The cap has not been considered in the Speaker’s Committee or discussed by the Speaker’s Committee and the Electoral Commission. The Commission says that it is committed to ensuring that political funding is transparent and to preventing unlawful foreign money from entering UK politics. It continues to recommend changes to the law to ensure that voters can have greater confidence in political finance in the UK. This includes recommendations for new duties on parties for enhanced due diligence and risk assessment of donations and changes to the law to ensure that companies have made enough money in the UK to fund any donations.

Elections Policy: Departmental Transfer

8. Whether the Committee has made an assessment of the implications for its work of the transfer of elections policy from the Cabinet Office to the Department for Levelling up, Housing and Communities. (901374)

The Speaker’s Committee has not made any such assessment. However, the change in ministerial responsibility has had an impact on the Committee in a number of ways. As I mentioned in a previous answer, the hon. Member for Hazel Grove (Mr Wragg) has been replaced as an ex officio member of the Committee by the hon. Member for Sheffield South East (Mr Betts). The Commission reports that it will continue to work closely with the team of civil servants, which has moved Departments. It has also had several meetings with responsible Ministers at the Department for Levelling Up, Housing and Communities, in particular to discuss the implementation of the Elections Act.

The governance of elections is of course a very important matter, and it was rather bizarrely removed from the portfolio of the Cabinet Office by the previous Prime Minister and entrusted to the Secretary of State for Levelling Up, Housing and Communities. Can the representative of the Speaker’s Committee provide any clarity on whether that will continue, and what consideration has he given to the merits of transferring the responsibility back to the Cabinet Office?

I thank the hon. Lady for that question, but the Committee will simply respond to however the Government organise themselves. It is a matter for the Government and the Prime Minister to allocate different responsibilities among different parties, and the Speaker’s Committee will respond accordingly.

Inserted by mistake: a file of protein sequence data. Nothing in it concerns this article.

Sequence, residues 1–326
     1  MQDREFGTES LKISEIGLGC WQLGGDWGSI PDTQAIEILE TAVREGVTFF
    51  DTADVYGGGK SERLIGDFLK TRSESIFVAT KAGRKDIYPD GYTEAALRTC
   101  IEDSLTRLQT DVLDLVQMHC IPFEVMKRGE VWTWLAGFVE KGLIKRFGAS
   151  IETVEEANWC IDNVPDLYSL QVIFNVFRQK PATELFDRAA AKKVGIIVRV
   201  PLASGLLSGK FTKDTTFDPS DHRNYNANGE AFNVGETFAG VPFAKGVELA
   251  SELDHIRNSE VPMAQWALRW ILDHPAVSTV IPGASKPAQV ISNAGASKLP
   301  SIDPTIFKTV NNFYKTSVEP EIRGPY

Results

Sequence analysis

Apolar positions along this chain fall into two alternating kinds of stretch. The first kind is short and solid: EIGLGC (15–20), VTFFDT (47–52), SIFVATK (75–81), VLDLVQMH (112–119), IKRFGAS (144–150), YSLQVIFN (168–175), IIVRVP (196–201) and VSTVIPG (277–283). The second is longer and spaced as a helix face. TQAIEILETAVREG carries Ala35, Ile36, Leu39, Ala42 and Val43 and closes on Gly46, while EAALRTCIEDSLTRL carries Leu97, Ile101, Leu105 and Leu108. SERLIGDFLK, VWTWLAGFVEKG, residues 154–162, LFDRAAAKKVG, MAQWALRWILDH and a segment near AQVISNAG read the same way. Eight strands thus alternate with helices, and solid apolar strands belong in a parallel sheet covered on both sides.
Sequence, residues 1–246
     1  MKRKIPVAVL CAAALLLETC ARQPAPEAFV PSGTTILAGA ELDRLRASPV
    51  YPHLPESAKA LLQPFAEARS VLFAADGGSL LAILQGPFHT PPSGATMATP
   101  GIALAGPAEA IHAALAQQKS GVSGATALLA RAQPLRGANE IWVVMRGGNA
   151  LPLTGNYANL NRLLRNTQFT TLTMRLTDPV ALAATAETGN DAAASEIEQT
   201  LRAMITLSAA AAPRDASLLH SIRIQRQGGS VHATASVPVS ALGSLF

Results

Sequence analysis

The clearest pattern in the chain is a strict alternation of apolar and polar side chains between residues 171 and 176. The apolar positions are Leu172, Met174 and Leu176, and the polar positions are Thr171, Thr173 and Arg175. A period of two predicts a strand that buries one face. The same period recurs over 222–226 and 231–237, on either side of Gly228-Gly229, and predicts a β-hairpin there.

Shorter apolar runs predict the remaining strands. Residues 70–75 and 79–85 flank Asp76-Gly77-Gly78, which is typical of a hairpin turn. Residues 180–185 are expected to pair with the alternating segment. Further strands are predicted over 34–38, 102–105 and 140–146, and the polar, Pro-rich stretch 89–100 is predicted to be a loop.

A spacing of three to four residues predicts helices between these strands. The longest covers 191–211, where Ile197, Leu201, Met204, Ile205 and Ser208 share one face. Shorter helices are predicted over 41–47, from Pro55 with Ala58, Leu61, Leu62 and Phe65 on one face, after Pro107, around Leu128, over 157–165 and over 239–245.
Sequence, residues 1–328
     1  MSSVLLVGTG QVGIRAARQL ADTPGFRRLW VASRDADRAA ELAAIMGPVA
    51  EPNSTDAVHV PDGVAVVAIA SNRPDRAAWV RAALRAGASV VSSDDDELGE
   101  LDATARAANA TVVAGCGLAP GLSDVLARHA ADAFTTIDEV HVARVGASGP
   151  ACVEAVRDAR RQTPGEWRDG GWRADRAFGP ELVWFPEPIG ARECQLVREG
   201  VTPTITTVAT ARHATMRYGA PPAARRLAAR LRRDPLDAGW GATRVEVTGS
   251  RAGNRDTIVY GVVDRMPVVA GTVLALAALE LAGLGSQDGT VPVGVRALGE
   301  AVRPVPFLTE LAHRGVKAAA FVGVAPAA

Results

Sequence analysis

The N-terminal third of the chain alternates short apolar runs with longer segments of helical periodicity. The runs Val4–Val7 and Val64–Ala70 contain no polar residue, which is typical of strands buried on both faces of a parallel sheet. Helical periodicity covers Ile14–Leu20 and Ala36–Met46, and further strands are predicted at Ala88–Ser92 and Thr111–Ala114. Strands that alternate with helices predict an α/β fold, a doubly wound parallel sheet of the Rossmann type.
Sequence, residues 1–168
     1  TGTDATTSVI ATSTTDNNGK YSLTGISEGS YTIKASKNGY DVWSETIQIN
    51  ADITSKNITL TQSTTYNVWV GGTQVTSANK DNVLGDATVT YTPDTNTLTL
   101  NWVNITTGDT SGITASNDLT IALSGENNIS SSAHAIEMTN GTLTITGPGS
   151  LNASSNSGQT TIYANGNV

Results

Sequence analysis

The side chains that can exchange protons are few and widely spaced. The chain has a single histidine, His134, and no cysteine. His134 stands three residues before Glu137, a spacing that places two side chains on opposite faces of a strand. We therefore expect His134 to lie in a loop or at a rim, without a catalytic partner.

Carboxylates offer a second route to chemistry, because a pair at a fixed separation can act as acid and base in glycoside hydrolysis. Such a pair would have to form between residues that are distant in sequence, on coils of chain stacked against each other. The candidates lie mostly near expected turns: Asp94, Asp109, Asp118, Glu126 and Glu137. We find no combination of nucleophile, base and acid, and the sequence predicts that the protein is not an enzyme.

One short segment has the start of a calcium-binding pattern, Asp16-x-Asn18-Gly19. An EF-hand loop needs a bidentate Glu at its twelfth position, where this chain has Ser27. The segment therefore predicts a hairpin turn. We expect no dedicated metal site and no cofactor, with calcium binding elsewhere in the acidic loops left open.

Church Commissioners

The hon. Member for South West Bedfordshire, representing the Church Commissioners was asked—

Affordable and Sustainable Housing

Following the Church’s “Coming Home” report on meeting housing need, the Church is looking to establish a new national housing association and to make use of Church-owned land to develop more affordable homes where we are able to, along with pod homes to house vulnerable people temporarily.

Understandably, there were mixed feelings when the original St Elizabeth’s church in Eastbourne’s old town had to be demolished, but the church community moved next door and is thriving. Demolition created a significant site in a prime location in a town where housing development opportunities are few and far between. May I ask my hon. Friend what progress has been made in order to realise the potential on the site?

St Elizabeth’s Eastbourne was due for demolition in 2019 because the building was unsafe, and I am pleased that the congregation are thriving in their new location. We are now looking for a new home for the Hans Feibusch murals from the crypt, which I have to say, from the photographs I have seen of them, are very splendid. We are working with the local council, developers and the local community to find an appropriate housing scheme for this site.

Accessibility of Churches

The Church of England strongly encourages parishes and cathedrals to ensure access for all, wherever possible. On a personal note, I am grateful to the parish church where I grew up for providing ramps to get my mother in and out of the church in her wheelchair. The public worship of Jesus should always be accessible to as many people as possible.

The Holy Trinity or West Allington church is beautiful and historic, but access to it is quite poor. The lovely grass slope going up to the church means that, in winter and in poor, wet weather, the church is inaccessible to the elderly and those with disabilities, and some of my constituents have missed family funerals as a result. What can the Church Commissioners do to help?

It is typical of my hon. Friend’s conscientiousness that she has visited Holy Trinity, Allington to help get these much-needed improvements. If she contacts the archdeacon of Boston, the archdeacon will work with her and the parish, with the assistance of the church buildings department, to improve their bid for the necessary funds to help revitalise the church as a resource for the whole community. As she says, it is appalling that people have not been able to attend family funerals.